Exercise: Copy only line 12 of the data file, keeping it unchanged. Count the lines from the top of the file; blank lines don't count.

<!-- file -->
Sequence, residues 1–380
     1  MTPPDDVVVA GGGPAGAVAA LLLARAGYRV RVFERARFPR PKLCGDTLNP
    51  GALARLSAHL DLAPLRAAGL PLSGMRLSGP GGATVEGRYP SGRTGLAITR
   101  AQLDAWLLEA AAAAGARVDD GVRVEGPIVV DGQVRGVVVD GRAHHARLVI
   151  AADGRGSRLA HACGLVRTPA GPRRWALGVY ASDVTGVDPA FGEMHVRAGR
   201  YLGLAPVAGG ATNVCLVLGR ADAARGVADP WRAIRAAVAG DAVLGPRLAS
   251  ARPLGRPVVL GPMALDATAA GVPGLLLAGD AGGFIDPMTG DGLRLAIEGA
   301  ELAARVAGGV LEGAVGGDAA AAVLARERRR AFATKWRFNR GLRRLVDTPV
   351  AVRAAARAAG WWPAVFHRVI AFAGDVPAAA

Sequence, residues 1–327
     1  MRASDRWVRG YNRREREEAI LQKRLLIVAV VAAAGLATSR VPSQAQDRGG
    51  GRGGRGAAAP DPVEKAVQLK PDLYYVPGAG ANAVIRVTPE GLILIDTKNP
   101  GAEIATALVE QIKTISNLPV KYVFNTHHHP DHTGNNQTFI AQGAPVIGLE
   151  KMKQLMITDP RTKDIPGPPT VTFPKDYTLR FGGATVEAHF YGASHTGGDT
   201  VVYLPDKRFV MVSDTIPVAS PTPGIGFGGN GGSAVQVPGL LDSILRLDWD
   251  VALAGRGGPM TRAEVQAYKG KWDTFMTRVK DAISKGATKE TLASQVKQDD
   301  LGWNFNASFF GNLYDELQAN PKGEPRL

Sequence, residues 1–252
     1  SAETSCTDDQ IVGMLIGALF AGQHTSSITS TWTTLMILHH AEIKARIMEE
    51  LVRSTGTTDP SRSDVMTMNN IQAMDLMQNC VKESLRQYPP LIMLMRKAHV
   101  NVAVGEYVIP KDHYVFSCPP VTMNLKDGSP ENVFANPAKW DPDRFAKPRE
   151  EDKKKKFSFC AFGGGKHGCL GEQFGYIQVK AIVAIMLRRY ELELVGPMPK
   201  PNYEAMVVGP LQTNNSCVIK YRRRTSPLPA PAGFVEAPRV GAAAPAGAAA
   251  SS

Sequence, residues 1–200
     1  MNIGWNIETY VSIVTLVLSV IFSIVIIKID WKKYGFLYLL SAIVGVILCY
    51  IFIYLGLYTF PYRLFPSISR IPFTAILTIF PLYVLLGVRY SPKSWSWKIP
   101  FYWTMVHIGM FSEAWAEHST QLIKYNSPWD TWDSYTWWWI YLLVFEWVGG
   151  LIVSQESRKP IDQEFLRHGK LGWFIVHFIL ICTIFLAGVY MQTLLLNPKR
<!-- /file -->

    51  GRGGRGAAAP DPVEKAVQLK PDLYYVPGAG ANAVIRVTPE GLILIDTKNP